In a world often marked by symbolic maneuvers, the hit on Verduci is a significant move by the Montreal Mob.

It was Montreal’s reminder that Rizzuto’s vendetta — his quest for revenge in the murders of his father, his son and other family members in an attempted coup — didn’t end with the capo’s Dec. 23 death of natural causes.

Police sources say Verduci’s death could signal that the next targets could be higher in stature.

“This is basically putting it in their faces,” a police source said. “Verduci had huge influence” within the Calabrian underworld.

It’s the second recent venture by the Montreal mob into Woodbridge.

Calabrian mob assassin Salvatore “Sam” Calautti, a 41-year-old father of two who owned a Dufferin St. restaurant, was assassinated in an ambush last July 12 as he sat in his car outside a Vaughan banquet hall attending a stag. His killer or killers knew Calautti would be there.

The same seems to be true for Verduci. His killers knew where he would be and patiently waited for their moment.

(…)

Woodbridge is the Calabrian ‘Ndrangheta’s power base and “killing a guy like Verduci is like saying” that none among them is safe.

“Clearly, someone needed to be held to account and (Verduci) was on the vendetta list,” the source said, who believes the hits are expected to continue.

“He is a central figure in the power base,” the source said. “They know Verduci is a guy who gets things done for them.

(…)

When the guns were turned on the Rizzuto clan, the Calabrians started by killing low-level members such as the street drug dealers. They slowly moved up the hierarchy until they reached Vito Rizzuto’s father Nicolo, his son Nick Jr., and other family members who were also senior level leaders.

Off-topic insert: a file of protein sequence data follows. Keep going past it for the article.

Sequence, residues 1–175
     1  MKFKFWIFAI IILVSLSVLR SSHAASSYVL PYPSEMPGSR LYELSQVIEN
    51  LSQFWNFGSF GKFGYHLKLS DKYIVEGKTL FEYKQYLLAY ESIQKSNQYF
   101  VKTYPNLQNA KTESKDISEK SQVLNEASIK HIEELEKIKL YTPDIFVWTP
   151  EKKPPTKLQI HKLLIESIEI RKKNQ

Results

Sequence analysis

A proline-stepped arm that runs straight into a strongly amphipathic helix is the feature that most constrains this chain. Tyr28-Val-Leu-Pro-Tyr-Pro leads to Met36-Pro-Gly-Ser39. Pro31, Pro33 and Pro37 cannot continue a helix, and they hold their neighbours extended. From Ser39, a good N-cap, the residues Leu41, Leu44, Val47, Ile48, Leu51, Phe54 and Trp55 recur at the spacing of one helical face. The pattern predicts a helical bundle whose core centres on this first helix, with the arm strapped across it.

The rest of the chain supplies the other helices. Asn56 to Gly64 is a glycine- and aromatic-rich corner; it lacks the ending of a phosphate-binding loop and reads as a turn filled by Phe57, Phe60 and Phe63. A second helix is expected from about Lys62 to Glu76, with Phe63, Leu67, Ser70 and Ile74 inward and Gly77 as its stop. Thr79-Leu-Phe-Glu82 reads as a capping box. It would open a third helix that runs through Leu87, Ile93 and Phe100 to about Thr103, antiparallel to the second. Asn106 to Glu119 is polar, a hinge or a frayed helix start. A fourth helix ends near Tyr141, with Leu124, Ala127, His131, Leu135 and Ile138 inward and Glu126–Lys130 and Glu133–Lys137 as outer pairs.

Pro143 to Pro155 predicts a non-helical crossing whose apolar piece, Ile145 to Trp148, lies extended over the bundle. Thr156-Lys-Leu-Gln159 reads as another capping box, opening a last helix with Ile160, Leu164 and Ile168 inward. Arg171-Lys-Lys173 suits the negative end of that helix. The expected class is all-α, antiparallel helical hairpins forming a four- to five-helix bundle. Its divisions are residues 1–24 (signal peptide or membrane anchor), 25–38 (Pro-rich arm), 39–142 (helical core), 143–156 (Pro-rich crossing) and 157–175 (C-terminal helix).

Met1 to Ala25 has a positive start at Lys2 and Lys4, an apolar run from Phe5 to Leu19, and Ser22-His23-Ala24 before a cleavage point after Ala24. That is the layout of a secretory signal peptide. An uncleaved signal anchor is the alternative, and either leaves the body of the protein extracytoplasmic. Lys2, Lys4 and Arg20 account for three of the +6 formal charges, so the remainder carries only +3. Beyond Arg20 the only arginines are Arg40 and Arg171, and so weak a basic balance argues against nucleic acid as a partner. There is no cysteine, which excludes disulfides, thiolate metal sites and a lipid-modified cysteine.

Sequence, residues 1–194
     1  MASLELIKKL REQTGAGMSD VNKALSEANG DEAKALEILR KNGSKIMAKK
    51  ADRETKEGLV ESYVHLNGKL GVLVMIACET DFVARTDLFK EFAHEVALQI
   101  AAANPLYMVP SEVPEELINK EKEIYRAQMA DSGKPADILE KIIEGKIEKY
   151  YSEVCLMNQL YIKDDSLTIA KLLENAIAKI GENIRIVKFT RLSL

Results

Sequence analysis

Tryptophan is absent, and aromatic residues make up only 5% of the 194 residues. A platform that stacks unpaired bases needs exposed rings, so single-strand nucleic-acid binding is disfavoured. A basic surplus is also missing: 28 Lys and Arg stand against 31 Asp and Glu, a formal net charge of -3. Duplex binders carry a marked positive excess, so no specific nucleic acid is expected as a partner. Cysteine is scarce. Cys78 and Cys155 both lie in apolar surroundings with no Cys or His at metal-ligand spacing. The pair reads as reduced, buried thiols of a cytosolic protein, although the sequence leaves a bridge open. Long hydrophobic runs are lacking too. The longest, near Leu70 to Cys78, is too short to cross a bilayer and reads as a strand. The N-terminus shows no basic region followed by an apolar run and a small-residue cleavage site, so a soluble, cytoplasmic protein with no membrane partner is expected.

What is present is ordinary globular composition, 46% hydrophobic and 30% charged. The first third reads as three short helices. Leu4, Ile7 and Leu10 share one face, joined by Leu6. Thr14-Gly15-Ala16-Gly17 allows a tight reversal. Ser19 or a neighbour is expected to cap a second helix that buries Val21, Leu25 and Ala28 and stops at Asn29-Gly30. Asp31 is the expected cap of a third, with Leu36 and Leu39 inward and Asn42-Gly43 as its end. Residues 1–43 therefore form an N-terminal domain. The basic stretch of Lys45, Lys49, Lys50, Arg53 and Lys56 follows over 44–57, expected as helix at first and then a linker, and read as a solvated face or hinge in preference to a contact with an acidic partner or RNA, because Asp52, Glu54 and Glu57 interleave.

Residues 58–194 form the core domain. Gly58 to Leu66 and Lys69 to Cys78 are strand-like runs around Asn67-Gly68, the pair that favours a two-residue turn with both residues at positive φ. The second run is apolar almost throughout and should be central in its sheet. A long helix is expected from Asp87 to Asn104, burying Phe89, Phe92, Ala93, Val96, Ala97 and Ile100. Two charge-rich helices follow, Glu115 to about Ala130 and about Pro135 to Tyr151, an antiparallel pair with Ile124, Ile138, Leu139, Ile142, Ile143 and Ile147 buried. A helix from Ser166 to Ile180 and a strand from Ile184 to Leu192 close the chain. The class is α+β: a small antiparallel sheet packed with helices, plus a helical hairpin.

“The same thing is happening here,” the source said. “I think this is the message we were waiting for, everyone was wondering what was happening after Vito was gone.

“There’s going to be a lot of nervous people.”

 (R. Lamberti, Toronto Sun, Apr. 26, 2014).

 

Identical concepts were also reaffirmed a few months later (Dec. 2014), as can be inferred by the same title of the article (“Mob vendetta spree expected to continue in new year”):

 

“A police source says the vendetta spree that began in 2012 shortly after Vito Rizzuto returned to Canada after serving a 10-year prison sentence in Colorado for racketeering-related charges is expected to continue. The natural death of Rizzuto, 67, last December didn’t stem the vendetta.

There are apparently still a few “Calabrian Mob opportunists and Sicilian traitors” that need to be dealt with by the Rizzuto crime family, the source says.

 (…)

Verduci was killed in a precise strike against him outside a cafe frequented by ‘Ndrangheta members in the city where they felt safe.

The message was loud and clear: For those who opposed Rizzuto, there is no safe haven.”

(R. Lamberti, Toronto Sun, Dec. 28-29, 2014).

 

A. Humphreys (National Post) developed the theme of the alleged revenge of the Rizzutos less than the others did. However, he also reported the opinion of a police source who always proposed the same “scenario”:

 

“His [Verduci’s] position within the Calabrian clans of Toronto would make him an attractive target to Sicilian rivals in Montreal looking to make a stand, a police source said.

“We might find it was meant as a message to the Calabrians from the Sicilians, that ‘this ain’t over, we haven’t forgotten.'”